The following interview appeared in Lexology Navigator in December 2016.
What is the current state of the M&A market in your jurisdiction?
The M&A market in Canada is relatively stable year on year, and is both a reflection of and affected by the overall state of the Canadian economy.
At a macro level, the Canadian economy will grow in 2016 at a rate of 1.2% and is expected to be in the same range or slightly higher in 2017. Canada’s economy is still weighted towards a resource-based economy, but there is diversity. As such, Canada’s growth and performance in 2016 were affected by soft resource prices. To illustrate this, the province of Alberta – which accounted for a disproportionate amount of Canada’s growth until 2014 – will contract by 3.0% in 2016, which is a slight improvement on 2015. Alberta is forecast to return to positive growth in 2017.
Canada’s economy in general, and M&A in particular, will continue to be affected in the short to medium term by the following factors:
- Low price of oil – barring a major geopolitical event, it is unlikely that oil will go above $60 for a couple of years.
- Weak global economy – as a resource-based economy and a net exporter of goods, Canada is affected by an overall weak global economy. While Canada’s largest trading partner is the United States, and there are regions and sectors in the United States which show strength, there are many global soft spots and areas of uncertainty. China continues to grow but is shifting to a more services-based economy, resulting in a lower demand for oil. There is an overall shift in growth patterns from the economies of North America, Europe and Japan to those in China and other emerging Asian countries.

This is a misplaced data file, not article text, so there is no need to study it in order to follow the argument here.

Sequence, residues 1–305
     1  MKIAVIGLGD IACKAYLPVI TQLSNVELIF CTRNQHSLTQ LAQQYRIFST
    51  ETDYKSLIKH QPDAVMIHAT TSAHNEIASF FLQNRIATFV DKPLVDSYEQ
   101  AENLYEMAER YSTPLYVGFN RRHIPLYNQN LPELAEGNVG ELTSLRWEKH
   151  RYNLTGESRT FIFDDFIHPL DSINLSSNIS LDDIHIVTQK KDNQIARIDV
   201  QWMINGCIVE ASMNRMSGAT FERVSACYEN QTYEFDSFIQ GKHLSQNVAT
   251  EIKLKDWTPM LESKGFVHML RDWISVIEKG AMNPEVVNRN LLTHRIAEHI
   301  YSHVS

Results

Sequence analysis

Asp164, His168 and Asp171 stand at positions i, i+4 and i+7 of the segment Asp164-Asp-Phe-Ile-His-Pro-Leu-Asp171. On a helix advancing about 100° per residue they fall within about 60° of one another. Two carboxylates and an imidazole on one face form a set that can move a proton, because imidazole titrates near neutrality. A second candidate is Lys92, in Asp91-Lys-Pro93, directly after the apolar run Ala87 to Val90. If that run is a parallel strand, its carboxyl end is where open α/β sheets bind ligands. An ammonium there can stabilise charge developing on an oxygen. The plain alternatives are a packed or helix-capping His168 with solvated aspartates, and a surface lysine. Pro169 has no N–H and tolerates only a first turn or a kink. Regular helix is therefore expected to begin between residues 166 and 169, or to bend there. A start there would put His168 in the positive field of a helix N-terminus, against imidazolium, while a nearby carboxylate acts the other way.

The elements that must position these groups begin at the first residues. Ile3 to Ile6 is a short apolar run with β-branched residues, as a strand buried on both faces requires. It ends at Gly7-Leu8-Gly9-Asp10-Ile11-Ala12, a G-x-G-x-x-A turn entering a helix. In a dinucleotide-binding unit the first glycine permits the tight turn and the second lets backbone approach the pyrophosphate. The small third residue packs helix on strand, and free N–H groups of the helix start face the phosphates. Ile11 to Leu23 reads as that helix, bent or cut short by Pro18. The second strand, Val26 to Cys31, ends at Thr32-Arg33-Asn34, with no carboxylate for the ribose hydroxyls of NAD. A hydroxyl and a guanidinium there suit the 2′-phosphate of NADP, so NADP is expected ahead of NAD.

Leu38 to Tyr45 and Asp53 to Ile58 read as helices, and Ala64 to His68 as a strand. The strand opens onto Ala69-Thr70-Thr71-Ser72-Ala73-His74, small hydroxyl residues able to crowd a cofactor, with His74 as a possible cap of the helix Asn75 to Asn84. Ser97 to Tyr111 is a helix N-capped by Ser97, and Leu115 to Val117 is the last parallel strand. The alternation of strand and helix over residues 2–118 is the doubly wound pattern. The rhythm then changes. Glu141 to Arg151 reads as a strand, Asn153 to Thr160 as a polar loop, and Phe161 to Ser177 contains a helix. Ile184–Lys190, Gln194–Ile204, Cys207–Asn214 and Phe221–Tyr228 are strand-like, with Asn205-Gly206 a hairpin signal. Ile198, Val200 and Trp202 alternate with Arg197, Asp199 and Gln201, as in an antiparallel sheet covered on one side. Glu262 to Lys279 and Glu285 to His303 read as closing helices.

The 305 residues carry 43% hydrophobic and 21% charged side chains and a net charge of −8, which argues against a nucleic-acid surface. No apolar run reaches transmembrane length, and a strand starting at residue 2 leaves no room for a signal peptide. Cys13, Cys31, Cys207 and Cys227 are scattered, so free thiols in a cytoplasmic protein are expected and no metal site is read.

- Anti-globalisation is real and growing – this trend is evidenced by the Brexit vote and the election of Donald Trump as US president. There has been a general increase in volatility over the past two years due to increased geopolitical and security risks.
Despite these risks, the Canadian M&A market is healthy and stable and there are reasons for cautious optimism. The federal Liberal government has committed to spend in areas that will support enhanced productivity and competiveness, including major infrastructure and defence. With the recent US election, there is more optimism that major US pipeline projects will be approved.
In the mid-market, it is a seller’s market due to strong multiples, large pools of available capital, low interest rates, moderately strong demand and tight supply. Canada is seen by international buyers as an attractive and safe place to invest, due to strength in talent, a knowledge economy, strong democratic values and citizenship, innovation and its financial systems and institutions.
In terms of larger transactions, Canadian financial institutions (eg, TD and CIBC) continue to be buyers, including outside Canada. There are pockets of strength and activity in the real estate, telecommunications, agricultural and metals and mining sectors. Although consolidation in the oil patch has been slow as companies waited for the ‘bottom’, there have been several notable deals – for example, TransCanada Pipelines’ acquisition of Columbia Pipeline ($10 billion) and Enbridge’s $37 billion acquisition of Spectra, which owns Union Gas. If as anticipated Alberta returns to growth in 2017, there should be a noticeable pick-up in M&A in this sector.